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‘CLOSED SEASON’ Visayan Sea fishing ban starts

first_img* Roxas City,Pilar, Pontevedra, President Roxas in Capiz; “Bawal gid angpagbaligya, pagbakal, position kagpagpanguha sang amo na nga species sang isda forthree months kay may penalties ka kon madakpan kaw,” Aparristressed. * E.B.Magalona, Victorias City, Manaplan, Sagay, Cadiz City, and Escalante City inNegros Island; The amended administrative orderspecifies the prohibitions and the corresponding penalties for the violatorslike imprisonment for six months to six years and fine of P6,000, depending onthe gravity of the offense. BFAR-6 director Remia Aparri said thethree-month period has been marked as the spawning season of pelagic fish species. The Visayan Sea, one of the country’slargest fishing grounds, is surrounded by the islands of Cebu and Negros to thesouth; Masbate to the north; Panay to the west; and Leyte to the east. According toAparri, all stakeholders should know of the significant intentions ofimplementing this policy. * Seas innorthern Iloilo from Barotac Nuevo towards Carles; “Nagapakita nga amoni ang period sang breedingor spawning season sang tatlo ka species nga isda. So, dapati-allow naton ang magagmay nga mga isda para magdalagku and i-allow natonang nagabusong, nagabihod nga isda para mag-contribute sang population dirasang isda sa Visayan Sea,” explained Aparri, citingscientific studies. ILOILO – Catching, trading, selling, andmarketing of sardines, herring and mackerel in the Visayan Sea are prohibitedfor three months. center_img According toAparri, the three-month fishing ban covers the following areas: The Bureau of Fisheries and AquaticResources (BFAR) in Western Visayas has enforced the “closed season” on Friday.The ban will end on Feb. 15 next year. “Nagapanawaganako liwat sa tanan nga stakeholders, sa aton mangingisda kag saaton nga local government units nga magbuylog anay kita forthree-months nga indi kamo magpanguha da sang involve nga fishspecies,” hambal ni Aparri. * BantayanIsland in Northern Cebu She enjoined local governmentofficials and coastal communities to cooperate with the bureau in its effort toconserve and protect the existing marine species at the Visayan Sea. “Very critical nga kon ma-manage or mapatumannaton ang  FAO No. 167-3 ngaamo ni closed season kayma-ensure naton nga maga-damoang amo ni klasi sang isda after three months and this willsupport sang aton population for fish for this generationand future generation,” she added. Aparri said they have intensifiedinformation drive by educating fishermen on the salient provisions of theFisheries Administrative Order (FAO) 167-3, the policy that establishes theannual closed season at the Visayan Sea. The BFAR-6chief also enjoined commercial fishing vessel operators to comply with thepolicy and avoid encroaching on the portion where fishing of the pelagicspecies has been banned./PNlast_img read more


Evans predicts brighter future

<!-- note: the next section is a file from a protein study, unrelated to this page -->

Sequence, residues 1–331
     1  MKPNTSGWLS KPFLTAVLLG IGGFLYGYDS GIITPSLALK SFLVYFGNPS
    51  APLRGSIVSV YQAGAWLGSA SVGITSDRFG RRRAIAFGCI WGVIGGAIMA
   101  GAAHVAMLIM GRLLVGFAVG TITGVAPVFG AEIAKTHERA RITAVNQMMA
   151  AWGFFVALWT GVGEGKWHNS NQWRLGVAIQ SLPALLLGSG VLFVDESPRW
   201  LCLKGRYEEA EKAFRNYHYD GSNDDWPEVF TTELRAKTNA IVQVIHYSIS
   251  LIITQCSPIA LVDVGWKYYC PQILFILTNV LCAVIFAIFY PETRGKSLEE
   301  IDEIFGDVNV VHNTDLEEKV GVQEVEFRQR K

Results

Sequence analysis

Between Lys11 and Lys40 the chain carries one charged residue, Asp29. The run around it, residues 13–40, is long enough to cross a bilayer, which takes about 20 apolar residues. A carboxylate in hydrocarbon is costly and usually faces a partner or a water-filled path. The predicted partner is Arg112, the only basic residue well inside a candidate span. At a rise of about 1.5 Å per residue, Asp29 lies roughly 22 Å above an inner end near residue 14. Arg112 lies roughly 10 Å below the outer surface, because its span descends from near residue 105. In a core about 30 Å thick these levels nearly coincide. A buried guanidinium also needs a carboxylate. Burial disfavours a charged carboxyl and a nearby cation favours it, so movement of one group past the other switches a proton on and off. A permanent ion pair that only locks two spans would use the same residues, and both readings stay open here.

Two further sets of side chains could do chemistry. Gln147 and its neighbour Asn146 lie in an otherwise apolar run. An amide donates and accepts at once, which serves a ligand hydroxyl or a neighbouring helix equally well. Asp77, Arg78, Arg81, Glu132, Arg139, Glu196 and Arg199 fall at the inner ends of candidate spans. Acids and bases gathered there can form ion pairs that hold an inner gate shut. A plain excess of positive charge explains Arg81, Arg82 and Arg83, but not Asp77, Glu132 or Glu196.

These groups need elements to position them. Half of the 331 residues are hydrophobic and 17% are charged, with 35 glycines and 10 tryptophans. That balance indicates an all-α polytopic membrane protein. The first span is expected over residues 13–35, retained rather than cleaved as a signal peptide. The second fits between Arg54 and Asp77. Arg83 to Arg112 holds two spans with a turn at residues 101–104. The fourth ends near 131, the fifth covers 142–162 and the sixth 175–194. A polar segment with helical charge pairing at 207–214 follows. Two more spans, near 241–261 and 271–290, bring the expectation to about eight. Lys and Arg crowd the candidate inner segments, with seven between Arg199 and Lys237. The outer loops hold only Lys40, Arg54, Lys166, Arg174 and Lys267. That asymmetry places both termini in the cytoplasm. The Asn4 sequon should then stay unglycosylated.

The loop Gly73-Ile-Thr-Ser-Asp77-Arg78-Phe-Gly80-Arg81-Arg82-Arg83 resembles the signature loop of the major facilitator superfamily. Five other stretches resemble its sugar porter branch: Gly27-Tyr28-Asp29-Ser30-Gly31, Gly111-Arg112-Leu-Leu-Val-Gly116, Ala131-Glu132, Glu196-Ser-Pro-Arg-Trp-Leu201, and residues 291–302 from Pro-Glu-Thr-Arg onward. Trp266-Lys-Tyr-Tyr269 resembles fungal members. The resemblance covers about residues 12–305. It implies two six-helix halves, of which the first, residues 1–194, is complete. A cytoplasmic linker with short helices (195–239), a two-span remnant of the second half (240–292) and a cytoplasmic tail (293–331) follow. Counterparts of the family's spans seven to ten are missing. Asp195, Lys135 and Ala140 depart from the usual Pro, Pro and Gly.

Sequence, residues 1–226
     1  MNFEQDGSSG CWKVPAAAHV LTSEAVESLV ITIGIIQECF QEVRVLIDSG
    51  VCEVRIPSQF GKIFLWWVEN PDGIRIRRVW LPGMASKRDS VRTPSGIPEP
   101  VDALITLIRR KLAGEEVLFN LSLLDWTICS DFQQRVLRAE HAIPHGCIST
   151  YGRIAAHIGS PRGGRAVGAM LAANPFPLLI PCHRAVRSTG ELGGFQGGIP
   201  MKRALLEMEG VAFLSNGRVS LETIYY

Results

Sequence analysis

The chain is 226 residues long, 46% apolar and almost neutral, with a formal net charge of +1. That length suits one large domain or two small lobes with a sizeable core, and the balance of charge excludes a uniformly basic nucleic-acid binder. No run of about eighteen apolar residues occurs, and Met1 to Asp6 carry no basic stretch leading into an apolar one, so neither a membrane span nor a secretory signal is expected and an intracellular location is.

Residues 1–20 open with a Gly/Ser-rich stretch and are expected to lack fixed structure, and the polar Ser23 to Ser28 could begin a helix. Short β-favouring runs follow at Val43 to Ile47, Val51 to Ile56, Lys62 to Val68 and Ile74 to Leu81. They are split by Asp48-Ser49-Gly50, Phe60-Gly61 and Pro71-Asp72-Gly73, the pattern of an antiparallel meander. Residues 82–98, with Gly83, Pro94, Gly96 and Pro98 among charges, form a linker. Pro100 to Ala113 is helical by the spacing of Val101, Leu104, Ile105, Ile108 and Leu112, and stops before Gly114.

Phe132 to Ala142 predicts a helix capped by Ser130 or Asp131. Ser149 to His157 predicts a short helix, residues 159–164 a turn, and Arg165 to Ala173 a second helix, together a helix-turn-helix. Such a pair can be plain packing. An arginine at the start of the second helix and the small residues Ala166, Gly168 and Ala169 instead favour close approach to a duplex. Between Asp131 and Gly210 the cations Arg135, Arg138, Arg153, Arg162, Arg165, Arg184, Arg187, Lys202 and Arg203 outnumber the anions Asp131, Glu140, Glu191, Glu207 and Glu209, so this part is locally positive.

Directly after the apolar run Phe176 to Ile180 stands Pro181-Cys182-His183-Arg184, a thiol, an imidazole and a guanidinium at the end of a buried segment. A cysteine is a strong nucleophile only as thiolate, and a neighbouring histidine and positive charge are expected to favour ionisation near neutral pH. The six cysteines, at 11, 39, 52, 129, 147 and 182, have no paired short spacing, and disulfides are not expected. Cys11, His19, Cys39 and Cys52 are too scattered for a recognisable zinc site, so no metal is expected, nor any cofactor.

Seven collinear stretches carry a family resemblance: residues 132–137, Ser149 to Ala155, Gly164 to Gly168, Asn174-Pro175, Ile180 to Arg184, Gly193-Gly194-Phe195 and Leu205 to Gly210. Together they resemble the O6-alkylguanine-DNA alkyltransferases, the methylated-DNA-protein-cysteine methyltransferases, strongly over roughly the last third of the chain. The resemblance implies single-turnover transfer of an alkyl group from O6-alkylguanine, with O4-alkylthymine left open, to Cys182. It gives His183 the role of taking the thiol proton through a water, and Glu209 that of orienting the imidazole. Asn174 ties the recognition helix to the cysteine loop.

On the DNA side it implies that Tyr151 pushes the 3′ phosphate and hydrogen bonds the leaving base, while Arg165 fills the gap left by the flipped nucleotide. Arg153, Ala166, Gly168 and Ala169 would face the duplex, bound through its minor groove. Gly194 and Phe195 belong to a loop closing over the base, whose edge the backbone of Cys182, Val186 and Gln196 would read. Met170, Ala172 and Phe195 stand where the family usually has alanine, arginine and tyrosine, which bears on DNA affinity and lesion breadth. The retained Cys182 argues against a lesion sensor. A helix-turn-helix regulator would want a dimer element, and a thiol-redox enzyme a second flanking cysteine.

first_img Press Association The Manchester United defender has become an increasingly influential figure at international level during O’Neill’s first campaign, relishing the chance to establish himself at centre-half after filling in at left-back for much of his early career. And his enthusiasm for the Northern Irish cause is stronger than ever. Jonny Evans believes Northern Ireland are heading in the right direction under Michael O’Neill and is hopeful of an improved showing in Euro 2016 qualifying. Secondly, but on a related note, is the emergence of a new group of players. Shane Ferguson, Niall McGinn, Jamie Ward and Martin Paterson were all capped under Worthington but were largely peripheral figures, whereas O’Neill has sought to use them as first-team regulars, with promising results. “One thing I’ve noticed is that maybe in past people played out of position,” said Evans. “I played at left-back for a number of years and I was doing a job for the team but it was never a position I was comfortable in. “If you look now at the likes of Niall, Fergie, Wardy it’s better. “Wardy has had to wait for his turn and is only now playing regularly and that’s what we need. It’s great to have Shane on the left and Niall on the right, they really give us pace. “And we have competition at left-back, right-back, centre-back – where we are very strong – it’s a big factor to have that competition.” Having competed well against more illustrious opponents in the their last two matches, Tuesday night represents a different type of challenge. Although they are away from home, Northern Ireland will be expected to see Luxembourg off at the Stade Josy Barthel – the kind of task they have struggled with in recent years. Indeed, the reverse fixture ended in a 1-1 draw thanks to a late Luxembourg equaliser. “It won’t be bigger in terms of publicity as Portugal – beating them at home would have people talking about great nights at Windsor Park – but these are the games we haven’t done as well in, against teams at the same level as us or below,” he said. “The onus is on ourselves, you get a lot more time on the ball. “There is that pressure if we don’t produce or if we don’t score early, but if we stick to what we did well against Portugal, no matter what the opponent, I think we’ll be fine.” ends The side may have won just one of their seven matches in World Cup qualifying, a shock success over Fabio Capello’s Russia, but the mood around the team has been positive under O’Neill and two strong showings against Portugal – a 1-1 draw in Porto and Friday night’s unfortunate 4-2 defeat – offered further optimism. Hopes of a place at Rio next summer may have gone but Evans raised the prospect of a real challenge for the European Championships in France, when the number of participating teams increases from 16 to 24. “The extra teams are qualifying in the next campaign and that gives us a big incentive,” Evans said. “We need to go back to this campaign, finish as strong as we can and put points on the board. That might have an effect on the seedings and the draw for the next qualifying campaign. “We’re in a good place as a squad. It feels like we have things worked out a bit and if we can continue in that fashion there is that wee bit of hope. “There is a good spirit among the squad. You hear people saying ‘we enjoy it’ but we actually are enjoying it. It’s a good atmosphere.” Evans, speaking with new authority as one of the squad’s senior men, identifies two key reasons for the increasing feelgood factor that is developing around the side. First is O’Neill’s tendency to deploy players in their preferred positions – a simple call, perhaps, but one his predecessor Nigel Worthington often felt unable to make due to limited options. last_img read more